Setting up a web project environment in Visual Studio 2010 to allow debugging using both IIS7 and the development Web server
We have run into an issue recently when importing a number of our legacy web projects into Visual Studio 2010. It seems that some projects don’t provide the options to allow us to run and debug them on the local version of IIS. For some reason, when a project is initially configured in VS2010 it sets a flag that determines whether the project properties page is shown inside the project window (where it will contain the necessary configuration options) or the project properties page is shown as a pop-up dialog window (where it doesn’t contain the options to allow debugging on a local IIS).
Here are the notes you will need when setting up a new project to guarantee that you have access to the required configuration page.
IIS 7 Configuration
The first step is entirely optional, as it is perfectly reasonable to run multiple Web Applications within a singe Web Site, however I prefer having separate Web Sites for different projects (or clients) as this allows me to control individual settings for each of them (for example host and port bindings) without me worrying about breaking a different project.
If you will use “localhost” to access the server, then you will only be able to have one Web Site instance running at a time, but this is rarely an issue, and you can easily run more than one site at a time by using a unique hostname or port for each.
Create the site in IIS Manager:
Where you create the Web Site mostly doesn’t matter, Visual Studio will add your project to the site as a virtual directory and the physical files can exist anywhere on your filesystem.
Once the site has been created, stop any other site that is using port 80, and start the Web site from the actions panel at the right of the window.
Because you want Visual Studio to modify the IIS configuration, you will need to run Visual Studio as Administrator.
Create an empty Web Application
Create a new project in Visual Studio (File > New > Project…).
Select: Visual C# > Web > ASP.NET Empty Web Application.
If you leave the “Create directory for solution” checkbox selected, then all your project files will end up one directory below the solution file. Personally I don’t mind having the .sln file in the same folder as my project files so I uncheck it.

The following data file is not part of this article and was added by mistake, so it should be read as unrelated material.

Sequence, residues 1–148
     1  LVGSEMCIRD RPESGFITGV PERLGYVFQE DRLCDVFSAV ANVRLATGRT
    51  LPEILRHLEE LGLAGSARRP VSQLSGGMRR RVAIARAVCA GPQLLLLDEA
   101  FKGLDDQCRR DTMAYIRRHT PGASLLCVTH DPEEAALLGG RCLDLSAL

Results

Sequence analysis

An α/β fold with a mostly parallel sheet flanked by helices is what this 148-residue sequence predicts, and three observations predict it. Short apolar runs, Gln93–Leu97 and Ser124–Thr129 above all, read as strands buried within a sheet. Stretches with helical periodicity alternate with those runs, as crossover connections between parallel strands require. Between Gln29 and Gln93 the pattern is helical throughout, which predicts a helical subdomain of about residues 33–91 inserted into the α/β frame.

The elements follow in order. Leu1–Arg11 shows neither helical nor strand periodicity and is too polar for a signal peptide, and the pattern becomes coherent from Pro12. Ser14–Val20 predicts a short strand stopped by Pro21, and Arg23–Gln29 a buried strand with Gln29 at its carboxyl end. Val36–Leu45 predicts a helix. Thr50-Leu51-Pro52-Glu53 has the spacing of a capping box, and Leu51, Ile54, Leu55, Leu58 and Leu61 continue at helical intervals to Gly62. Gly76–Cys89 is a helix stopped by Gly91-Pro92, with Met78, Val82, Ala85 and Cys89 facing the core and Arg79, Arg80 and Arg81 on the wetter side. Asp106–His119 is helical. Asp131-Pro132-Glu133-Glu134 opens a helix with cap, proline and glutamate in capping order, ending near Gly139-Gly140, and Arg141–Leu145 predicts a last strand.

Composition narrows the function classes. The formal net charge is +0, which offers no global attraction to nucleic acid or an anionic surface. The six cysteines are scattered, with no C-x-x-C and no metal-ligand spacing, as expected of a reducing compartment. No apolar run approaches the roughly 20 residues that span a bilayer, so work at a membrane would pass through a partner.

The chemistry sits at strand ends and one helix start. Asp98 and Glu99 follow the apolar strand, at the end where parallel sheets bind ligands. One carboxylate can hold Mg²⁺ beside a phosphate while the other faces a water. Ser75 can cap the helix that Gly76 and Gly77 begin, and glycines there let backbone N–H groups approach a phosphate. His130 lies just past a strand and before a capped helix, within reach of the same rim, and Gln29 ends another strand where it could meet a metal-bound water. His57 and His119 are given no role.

If you click OK to create the various project files, then immediately compile and run the application you will see that by default Visual Studio has configured the development web server.
Reconfigure the project to use IIS
Now whilst this is useful for small standalone projects, we would ideally like to be able to switch development to the full version of IIS7, and to do this, we need to perform another couple of steps.
Back in Visual Studio, stop the project and in the Solution Explorer, right-click on the project and select “Properties”.
In the window that appears, select the Web option and scroll down until you can see the Servers section. Change the selection from “Use Visual Studio Development Server” to “Use Local IIS Web server”.
Click the “Create Virtual Directory” button to complete the IIS configuration. If you see the dialog below then everything has gone as expected and you can now run (and debug) your web application in IIS. You can switch between IIS and Cassini (the development web server) simply by changing the radio button back.
Using the same web.config for both IIS and Cassini
Because IIS7 uses a new integrated pipeline, and Cassini uses the classic pipeline, some of the settings in the web.config are not compatible. Whilst it is possible to use two web.config files (and move them in and out of the application directory when you switch webservers), it is much more convenient to use a single web.config with both webservers.
.NET will complain about the legacy settings if you are using the integrated pipeline (which we normally will want to do) unless you have the following included in the system.webServer section in the web.config:
<validation validateIntegratedModeConfiguration="false" />
This line instructs the .NET not to validate any settings it finds in the web.config for the integrated pipeline – this allows you to have settings that only work in classic mode (such as httpHandlers and httpModules co-existing with the handlers and modules sections that are required by IIS7.